PM Narendra Modi | Nicky Loh/Bloomberg
PM Narendra Modi | Nicky Loh/Bloomberg
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These states are key to Modi’s reelection bid in 2019, and the prospects of the Congress party.

New Delhi: Indian assets were volatile, with the initial steep losses narrowing as investors braced for a tight finish in the key Madhya Pradesh state for the ruling Bharatiya Janata Party.

The rupee weakened as much as 1.6 percent and bond yields jumped in the first few hours of trading as investors reacted to the shock exit of the central bank Governor Urjit Patel, who quit Monday hours after equities closed their worst session in two months.

The main opposition Congress party is leading in Rajasthan and Chhattisgarh states, while being locked in a close race with the BJP in Madhya Pradesh. The states are key to Modi’s reelection bid in 2019, and the prospects of the Congress party.

Patel’s shock exit dealt investors another bout of monetary policy uncertainty when they were already bracing for an electoral test of the ruling party. An adverse result may force Modi to increase populist spending before next year’s general elections, undermining the government’s aim to stick to its fiscal deficit aim of 3.3 percent of GDP.

“Governor Patel’s sudden exit intensifies market uncertainty and is negative for the Indian rupee,” Prakash Sakpal, an economist at ING Groep NV wrote in note. “The next central bank chief will be under intense pressure from the government to concede to the latter’s demands for more growth-friendly policies ahead of general elections in early 2019.”

The currency weakened 0.8 percent against the dollar at 12:36 p.m. in Mumbai, poised for the steepest two-day drop since August. Benchmark yields were steady at 7.58 percent and the S&P BSE Sensex gauge of stocks dropped 0.1 percent, narrowing an intraday decline of 1.5 percent.

Mood Change

Investor confidence in Indian assets had only recently bounced back, helped by a slide in oil prices and a dovish tone from the Federal Reserve. November saw the best rupee gains in nearly seven years, while local stocks saw their best month since July. Foreigners bought a net $868 million of shares in November after three months of selling, and plowed $889 million into local bonds, after avoiding the debt for most of the year.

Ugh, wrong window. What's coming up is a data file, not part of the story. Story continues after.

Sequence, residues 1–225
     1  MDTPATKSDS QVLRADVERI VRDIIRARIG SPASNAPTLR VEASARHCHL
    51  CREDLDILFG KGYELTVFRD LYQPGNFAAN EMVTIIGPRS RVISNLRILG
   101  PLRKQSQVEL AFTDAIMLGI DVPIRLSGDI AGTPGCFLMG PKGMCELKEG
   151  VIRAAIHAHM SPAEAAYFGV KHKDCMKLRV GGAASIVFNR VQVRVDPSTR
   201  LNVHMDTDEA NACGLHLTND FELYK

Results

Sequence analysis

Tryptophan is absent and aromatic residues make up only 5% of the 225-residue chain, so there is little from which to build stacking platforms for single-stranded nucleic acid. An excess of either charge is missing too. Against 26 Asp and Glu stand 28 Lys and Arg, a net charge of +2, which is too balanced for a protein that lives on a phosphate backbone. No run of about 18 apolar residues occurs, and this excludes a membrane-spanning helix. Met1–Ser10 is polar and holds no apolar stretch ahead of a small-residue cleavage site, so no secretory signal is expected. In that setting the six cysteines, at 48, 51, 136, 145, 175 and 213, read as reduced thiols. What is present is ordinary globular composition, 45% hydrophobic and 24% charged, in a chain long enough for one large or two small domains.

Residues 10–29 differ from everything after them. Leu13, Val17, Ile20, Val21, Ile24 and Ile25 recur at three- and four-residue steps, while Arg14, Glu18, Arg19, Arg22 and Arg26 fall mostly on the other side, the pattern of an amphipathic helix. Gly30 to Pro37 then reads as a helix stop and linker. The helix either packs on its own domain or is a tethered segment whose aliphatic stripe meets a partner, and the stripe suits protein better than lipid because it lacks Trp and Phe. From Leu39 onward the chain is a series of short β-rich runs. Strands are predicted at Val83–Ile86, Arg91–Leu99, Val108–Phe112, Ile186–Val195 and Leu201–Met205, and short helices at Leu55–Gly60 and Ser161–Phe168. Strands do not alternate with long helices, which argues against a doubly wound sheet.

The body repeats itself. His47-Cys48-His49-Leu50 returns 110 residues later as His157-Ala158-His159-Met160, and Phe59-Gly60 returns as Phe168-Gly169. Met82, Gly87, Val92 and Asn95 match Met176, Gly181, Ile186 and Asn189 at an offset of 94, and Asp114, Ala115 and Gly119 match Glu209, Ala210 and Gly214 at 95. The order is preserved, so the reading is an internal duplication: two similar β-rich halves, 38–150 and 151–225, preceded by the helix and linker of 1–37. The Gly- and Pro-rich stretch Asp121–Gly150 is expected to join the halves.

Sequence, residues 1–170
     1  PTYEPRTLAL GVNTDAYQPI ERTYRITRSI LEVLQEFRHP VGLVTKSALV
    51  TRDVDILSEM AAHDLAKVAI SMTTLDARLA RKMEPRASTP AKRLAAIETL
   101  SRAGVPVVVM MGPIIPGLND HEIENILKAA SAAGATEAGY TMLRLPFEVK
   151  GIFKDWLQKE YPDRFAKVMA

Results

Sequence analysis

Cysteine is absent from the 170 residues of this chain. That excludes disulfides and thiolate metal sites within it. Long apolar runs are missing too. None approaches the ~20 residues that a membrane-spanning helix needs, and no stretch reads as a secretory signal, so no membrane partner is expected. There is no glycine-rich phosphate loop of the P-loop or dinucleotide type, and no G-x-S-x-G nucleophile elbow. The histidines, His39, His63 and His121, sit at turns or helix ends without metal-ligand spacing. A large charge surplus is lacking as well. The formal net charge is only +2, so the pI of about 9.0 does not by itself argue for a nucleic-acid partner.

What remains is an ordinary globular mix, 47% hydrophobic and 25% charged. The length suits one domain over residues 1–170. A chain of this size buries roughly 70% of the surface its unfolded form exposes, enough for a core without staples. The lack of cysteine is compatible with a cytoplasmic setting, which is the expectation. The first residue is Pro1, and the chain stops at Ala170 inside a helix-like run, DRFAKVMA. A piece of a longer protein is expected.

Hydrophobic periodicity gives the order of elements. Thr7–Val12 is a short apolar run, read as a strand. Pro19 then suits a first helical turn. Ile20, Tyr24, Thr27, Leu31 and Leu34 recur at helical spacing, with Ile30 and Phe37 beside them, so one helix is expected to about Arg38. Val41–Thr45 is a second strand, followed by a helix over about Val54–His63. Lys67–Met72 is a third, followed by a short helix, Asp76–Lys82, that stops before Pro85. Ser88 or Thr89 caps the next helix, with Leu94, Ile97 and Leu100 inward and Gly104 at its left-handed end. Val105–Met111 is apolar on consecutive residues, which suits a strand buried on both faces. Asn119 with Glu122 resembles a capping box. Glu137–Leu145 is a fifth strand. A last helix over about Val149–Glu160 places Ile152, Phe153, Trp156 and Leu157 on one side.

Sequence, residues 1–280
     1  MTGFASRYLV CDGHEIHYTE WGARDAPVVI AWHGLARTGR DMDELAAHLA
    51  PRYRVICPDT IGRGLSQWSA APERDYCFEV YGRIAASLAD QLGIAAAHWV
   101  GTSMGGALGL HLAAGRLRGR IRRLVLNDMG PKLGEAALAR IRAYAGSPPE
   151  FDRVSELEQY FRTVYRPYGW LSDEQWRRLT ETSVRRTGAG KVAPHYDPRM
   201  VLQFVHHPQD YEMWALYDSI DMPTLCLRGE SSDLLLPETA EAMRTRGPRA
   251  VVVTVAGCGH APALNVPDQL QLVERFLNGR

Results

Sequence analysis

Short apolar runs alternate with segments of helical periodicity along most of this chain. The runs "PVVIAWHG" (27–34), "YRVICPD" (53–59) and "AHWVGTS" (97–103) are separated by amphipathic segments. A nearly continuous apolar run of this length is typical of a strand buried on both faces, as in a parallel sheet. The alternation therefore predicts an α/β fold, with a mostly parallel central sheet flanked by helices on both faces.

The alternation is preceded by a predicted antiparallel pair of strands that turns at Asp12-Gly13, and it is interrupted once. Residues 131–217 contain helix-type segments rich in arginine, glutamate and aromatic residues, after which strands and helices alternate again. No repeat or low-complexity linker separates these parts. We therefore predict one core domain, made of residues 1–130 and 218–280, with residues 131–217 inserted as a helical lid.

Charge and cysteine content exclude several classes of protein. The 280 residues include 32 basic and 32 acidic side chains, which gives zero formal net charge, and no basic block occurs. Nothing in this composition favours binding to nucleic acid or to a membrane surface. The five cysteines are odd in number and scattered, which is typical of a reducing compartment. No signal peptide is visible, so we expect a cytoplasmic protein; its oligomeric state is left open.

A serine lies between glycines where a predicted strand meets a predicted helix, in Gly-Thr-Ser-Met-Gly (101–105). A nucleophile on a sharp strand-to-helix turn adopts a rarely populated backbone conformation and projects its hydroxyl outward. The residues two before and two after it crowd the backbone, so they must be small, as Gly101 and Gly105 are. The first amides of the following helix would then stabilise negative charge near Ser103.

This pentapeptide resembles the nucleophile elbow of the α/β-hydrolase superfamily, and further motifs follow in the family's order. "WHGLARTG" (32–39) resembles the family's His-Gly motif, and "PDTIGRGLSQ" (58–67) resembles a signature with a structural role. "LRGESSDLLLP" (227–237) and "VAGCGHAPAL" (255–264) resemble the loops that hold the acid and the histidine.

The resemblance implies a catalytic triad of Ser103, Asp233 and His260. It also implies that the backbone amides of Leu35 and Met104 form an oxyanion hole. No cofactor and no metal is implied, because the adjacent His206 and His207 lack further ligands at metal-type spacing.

Indian stocks “will have to discount the RBI governor resignation today,” said Sanjay Sinha, founder of Mumbai-based Citrus Advisors. If the BJP loses all the three key states, it will be “a shocker” as Monday’s decline had factored in the party losing only two states, he said.

State-owned lenders were seen selling dollars to support the rupee, likely on behalf of the central bank, Mumbai-based traders said.

Here’s what other strategists are saying:

Prabhudas Lilladher (Ajay Bodke, chief executive)

Equities had priced a defeat in all three states for BJP in their decline on Monday, and there’s a possibility of a rebound if the party is able to hold at least one state. While people vote on different issues in state and national elections, one can’t dismiss the results and it needs to be seen how the BJP interprets the outcome and what steps it takes to address the concerns. Investors should brace themselves for a choppy ride in the next six to nine months; they should use declines to build a portfolio of stocks that are leaders in their respective businesses.

Mizuho Bank (Masakatsu Fukaya, emerging-market currency trader)

The market is speculating that the reason behind RBI Governor Patel’s resignation is due to some friction with the government and that threatens the independence of the central bank, which is negative for the rupee The RBI is probably intervening in the market, but typically, they don’t intervene strongly to change the direction of the move

Nomura (Vivek Rajpal, rates strategist)

Governor Patel’s resignation adds uncertainty to markets and hence will be treated negatively by the bond markets Believe it doesn’t change the monetary policy dynamics, but could introduce some term premium into rates market. – Bloomberg 

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